Charlotte Newton, chartered surveyor and rural grant specialist at Vickers & Barrass, looks at two important pieces of legislation which are currently being debated – the Agriculture Bill and the Environment Bill – and the impact of them on farmers.

THE final debating stage of the Agriculture Bill is a time when the new legislation will take shape and amendments proposed by the House of Lords either accepted or rejected.

“Public opinion seems to be split on the emotive subject of food standards,” says Charlotte Newton, chartered surveyor specialising in rural grants at Vickers and Barrass, Chartered Surveyors and Estate Agents.

“With the final stage of the Agriculture Bill now heading through the House of Commons, most of the amendments, which were tabled by the House of Lords, are expected to be rejected by the Commons and removed,” says Charlotte.

Lord Curry’s amendment backed by the National Farmers' Union (NFU) looked to strengthen the role of the newly-formed Trade and Agriculture Commission to provide safeguards against British food and farming standards being undermined by imports produced to lower standards.

Celebrity chef Jamie Oliver has voiced his fears in the press recently recognising the impact on British farmers of "an influx of lower standard products”.

Charlotte says: "The main concerns cover the importation of chlorinated chicken and beef produced using hormones, both from the USA. Both these practices are outlawed in the EU and concerns are that products using these treatments will be allowed into the UK supply chain."

The EU (Withdrawal) Act 2018 retains in law UK standards on environmental protection, animal welfare, animal and plant health and food safety at the end of the transition period. This provides a firm basis for maintaining the same high level of protection for both domestic and imported products.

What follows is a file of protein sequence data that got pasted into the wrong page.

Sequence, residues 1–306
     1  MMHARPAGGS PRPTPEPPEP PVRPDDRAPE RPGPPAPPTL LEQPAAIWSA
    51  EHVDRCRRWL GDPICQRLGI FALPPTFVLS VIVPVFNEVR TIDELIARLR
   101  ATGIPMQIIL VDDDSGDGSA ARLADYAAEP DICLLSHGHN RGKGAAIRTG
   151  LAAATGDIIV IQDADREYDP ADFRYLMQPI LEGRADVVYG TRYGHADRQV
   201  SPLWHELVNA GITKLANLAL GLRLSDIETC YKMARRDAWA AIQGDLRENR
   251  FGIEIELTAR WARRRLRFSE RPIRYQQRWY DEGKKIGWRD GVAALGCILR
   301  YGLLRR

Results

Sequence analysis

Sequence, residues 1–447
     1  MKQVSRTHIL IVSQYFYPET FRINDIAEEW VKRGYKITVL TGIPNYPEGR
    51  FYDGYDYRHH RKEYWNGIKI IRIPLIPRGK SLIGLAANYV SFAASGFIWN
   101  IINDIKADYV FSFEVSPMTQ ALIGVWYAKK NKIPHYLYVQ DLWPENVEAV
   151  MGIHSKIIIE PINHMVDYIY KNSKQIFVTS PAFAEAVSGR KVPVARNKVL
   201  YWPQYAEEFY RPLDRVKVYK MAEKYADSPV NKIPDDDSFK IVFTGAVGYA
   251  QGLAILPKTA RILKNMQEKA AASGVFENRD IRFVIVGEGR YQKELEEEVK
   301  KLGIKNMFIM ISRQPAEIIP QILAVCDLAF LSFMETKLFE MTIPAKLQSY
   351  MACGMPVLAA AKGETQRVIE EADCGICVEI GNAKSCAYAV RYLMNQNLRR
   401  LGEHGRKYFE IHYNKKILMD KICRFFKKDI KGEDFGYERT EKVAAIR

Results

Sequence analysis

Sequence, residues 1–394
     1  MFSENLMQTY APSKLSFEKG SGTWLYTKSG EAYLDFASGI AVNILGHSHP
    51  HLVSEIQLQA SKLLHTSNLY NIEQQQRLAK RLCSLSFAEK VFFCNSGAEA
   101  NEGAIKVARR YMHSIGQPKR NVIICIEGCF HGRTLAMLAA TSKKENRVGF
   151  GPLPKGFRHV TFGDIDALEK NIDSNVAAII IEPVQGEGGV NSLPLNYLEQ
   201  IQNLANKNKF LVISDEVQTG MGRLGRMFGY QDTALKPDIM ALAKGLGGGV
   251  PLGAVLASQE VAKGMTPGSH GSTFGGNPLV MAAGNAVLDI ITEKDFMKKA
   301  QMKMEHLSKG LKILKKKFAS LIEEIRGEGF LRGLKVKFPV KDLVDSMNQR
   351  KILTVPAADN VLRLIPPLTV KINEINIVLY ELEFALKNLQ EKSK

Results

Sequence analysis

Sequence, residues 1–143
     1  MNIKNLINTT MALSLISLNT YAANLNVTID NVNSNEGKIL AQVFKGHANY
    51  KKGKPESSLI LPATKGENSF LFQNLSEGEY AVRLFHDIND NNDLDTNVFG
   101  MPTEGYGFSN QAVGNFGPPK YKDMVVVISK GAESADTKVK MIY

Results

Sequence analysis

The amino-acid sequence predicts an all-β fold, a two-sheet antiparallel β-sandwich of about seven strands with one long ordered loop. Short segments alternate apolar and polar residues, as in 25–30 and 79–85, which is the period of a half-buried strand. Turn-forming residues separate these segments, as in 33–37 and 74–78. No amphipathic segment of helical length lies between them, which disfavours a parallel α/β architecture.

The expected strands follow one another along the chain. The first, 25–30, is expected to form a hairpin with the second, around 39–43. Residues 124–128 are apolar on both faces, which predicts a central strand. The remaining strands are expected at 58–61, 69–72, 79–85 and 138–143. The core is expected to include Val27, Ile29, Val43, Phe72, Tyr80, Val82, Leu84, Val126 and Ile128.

Lord Gardiner has said that EU law banning the import and production of hormone-treated beef has been transposed into domestic law and will continue to operate in the UK after the end of the transition period. In addition, that it remains the case in the UK that no substances other than potable water are approved to wash poultry carcases.

Further legislation regarding the environment is under debate. A new green governance body – the Office for Environmental Protection (OEP) – is in the process of being set up, which will be legislated for by the landmark Environment Bill.

Charlotte says: “From January 2021, a new independent statutory body will be formed – the Office for Environmental Protection (OEP) that will oversee compliance with environmental law. This is following the 2018 government publication A Green Future: Our 25 Year Plan to Improve the Environment, which sets out the future vision for the environment and measures to be taken to manage land sustainably, help nature to recover and enhance the natural beauty of landscapes.

"In addition, it looks at connecting people with the natural environment to improve health and wellbeing, and increasing the efficiency of resource use and the reduction of waste and pollution.

“It is thought that the Common Agricultural Policy did not benefit soil health sufficiently and Defra will invest in a system that will allow the improvements in soil health to be measured and good practice encouraged with grass leys in rotations and cover crops.”

Charlotte says that the introduction of min-till cultivations in arable cropping are beneficial to soil health but are not always suitable for all types of soils or crop rotations. The improvements in soil health through the addition of more organic matter and biological activity will lead to soils that have more water-retaining qualities and therefore help to reduce erosion of soils and depletion of nutrients.

Charlotte says that there will be renewed emphasis on tree planting with large-scale planting encouraged to help the future demand for home-grown timber, which has seen a reduction in conifer planting over the last 20 years.

She says: “Currently, the UK is only about 20 per cent self-sufficient in timber, so there is enormous potential in this area. There will be opportunities for natural flood management, which involves the use of a variety of measures including tree planting, riverbank restoration, building small-scale woody dams, reconnecting rivers with their floodplains and storing water temporarily on open land.

"These measures alone will not be expected to fully offer protection but when used along with more traditional measures results should prove beneficial.”